92L in the Caribbean likely to bring a lot of rain to Yucatan as tropics begin to ramp up

Computer model plots for 92L courtesy of Hurricane Analytics

Computer model plots for 92L courtesy of Hurricane Analytics

Invest area 92L is looking more organized today with deep convection taking on a more curved look in satellite imagery. Also noted is a more well established upper level outflow pattern. This will aid in the development of this system over the next couple of days while conditions remain favorable over the very warm waters of the Caribbean Sea.

The NHC notes that a low pressure center may be forming somewhere between the Caymans and the Yucatan. The low is forecast by most of the computer models to move to the northwest and possibly cross the Yucatan and in to the Gulf of Mexico. This means that a lot of rain and some increase in wind is headed for the region today and tomorrow. Interests in the area need to be aware of this large weather system and understand the rain threat is significant. Fortunately, it does not look like 92L will have much chance to rapidly strengthen but it wouldn’t take much for it to become a tropical depression or tropical storm.

Beyond the next 48 hours, the track is quite uncertain. Some of the model guidance indicates a track towards the U.S. Gulf Coast while others are more west towards Mexico. As we have seen so many times before, it will come down to the timing of how an upper level trough interacts with the system over the coming days.

If the trough can create a weakness in the steering pattern to the north of the disturbance, then it can have a hole, if you will, to move in to and thus towards the Gulf Coast states.

On the other hand, if the trough is not strong enough to erode the high pressure to the north of the disturbance, and the high actually builds back in once the trough lifts out, then it will get pushed westward across the Bay of Campeche and towards Mexico. There’s no way to know which scenario will play out – we’ll just have to wait and see. Right now, most of the reliable guidance is pointing towards the Gulf Coast but this can change as more data becomes available for each new run of the models. If you live along the U.S. Gulf Coast anywhere from Texas to Florida, just keep an eye on this feature over the next couple of days. As I said, intensity forecasts from the various models do not indicate much chance for strengthening and hopefully that will remain the case. We’ll watch and see how things progress today and tomorrow.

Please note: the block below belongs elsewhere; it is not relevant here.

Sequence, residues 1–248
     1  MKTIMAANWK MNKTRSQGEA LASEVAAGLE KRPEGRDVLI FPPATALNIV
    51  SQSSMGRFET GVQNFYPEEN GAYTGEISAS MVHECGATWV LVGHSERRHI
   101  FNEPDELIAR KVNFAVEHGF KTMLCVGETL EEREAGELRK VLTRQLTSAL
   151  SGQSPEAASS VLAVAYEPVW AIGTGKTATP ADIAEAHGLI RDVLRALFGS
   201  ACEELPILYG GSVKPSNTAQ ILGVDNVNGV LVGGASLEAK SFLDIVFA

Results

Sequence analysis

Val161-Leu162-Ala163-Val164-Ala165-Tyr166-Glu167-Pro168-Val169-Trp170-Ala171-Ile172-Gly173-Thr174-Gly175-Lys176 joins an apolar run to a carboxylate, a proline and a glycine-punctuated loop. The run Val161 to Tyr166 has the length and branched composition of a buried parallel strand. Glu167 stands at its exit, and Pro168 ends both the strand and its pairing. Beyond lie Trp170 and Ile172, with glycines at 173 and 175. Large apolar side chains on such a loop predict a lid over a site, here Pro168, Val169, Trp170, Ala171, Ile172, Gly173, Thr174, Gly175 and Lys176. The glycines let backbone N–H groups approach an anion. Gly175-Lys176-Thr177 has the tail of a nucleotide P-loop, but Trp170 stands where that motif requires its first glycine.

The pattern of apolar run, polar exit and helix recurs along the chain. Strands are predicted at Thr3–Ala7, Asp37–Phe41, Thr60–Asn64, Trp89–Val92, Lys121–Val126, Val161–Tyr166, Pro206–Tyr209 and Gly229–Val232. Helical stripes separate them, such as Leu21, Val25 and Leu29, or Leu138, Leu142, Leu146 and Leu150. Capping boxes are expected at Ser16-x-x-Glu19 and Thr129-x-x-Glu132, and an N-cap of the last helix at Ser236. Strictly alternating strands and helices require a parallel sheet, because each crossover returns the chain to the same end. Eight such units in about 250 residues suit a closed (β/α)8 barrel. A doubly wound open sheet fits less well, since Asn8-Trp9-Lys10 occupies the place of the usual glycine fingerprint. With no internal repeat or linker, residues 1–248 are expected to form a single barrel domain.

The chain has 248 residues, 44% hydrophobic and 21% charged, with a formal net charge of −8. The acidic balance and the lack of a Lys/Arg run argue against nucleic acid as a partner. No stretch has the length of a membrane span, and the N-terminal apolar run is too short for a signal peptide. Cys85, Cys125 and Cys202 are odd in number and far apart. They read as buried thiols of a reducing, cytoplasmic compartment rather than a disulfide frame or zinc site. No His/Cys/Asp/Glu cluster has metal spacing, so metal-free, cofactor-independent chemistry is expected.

Elsewhere, we have invest area 93L far out in the eastern Atlantic. This system has a solid chance of becoming a tropical depression before it moves in to a more stable environment where the mid-level air is drier. It’s only of concern to interests in the Cape Verde Islands right now.

All of this activity is part of the pattern that is slowly beginning to unfold across the tropics. We’ve seen a lot of storm activity in the Pacific, now it’s the Atlantic’s turn. The next several weeks are likely to become increasingly busy throughout the Atlantic as there are signs that the upper level pattern is about to become quite favorable. Despite all the talk of dry air, dust and a lack of activity, it is still going to be a very busy season. There are just too many overwhelming signals in favor of that to be ignored. Now is the time to be prepared. Take that generator to a small engine repair shop to have it looked at in case you need it later. Do the little things now that can help alleviate the stress that comes with an approaching hurricane. It’s about to get very busy out there and as such, people need to be ready.

I’ll have another post here later on this evening.

M. Sudduth 1pm ET August 14

Share

About Mark Sudduth

Greetings! I am Mark Sudduth, the founder and editor of HurricaneTrack.com. The site began in 1999 as a way to post info concerning tropical storms and hurricanes for any interested visitors. Little did I know how big it would become in the years since. Now, we have millions of visitors from all over the world who have come to rely on the site as a no non-sense, tell it like it is resource for all things hurricane related. We are supported by a combination of corporate sponsors and our loyal Client Services members who subscribe to premium content on our sister site, premium.hurricanetrack.com. I am married with six energetic and intelligent children and live in southeast North Carolina. I graduated UNC-Wilmington in 1995 with a BA in Geography and have studied the effects of hurricanes on our society ever since.
Tagged , , , . Bookmark the permalink.

Leave a Reply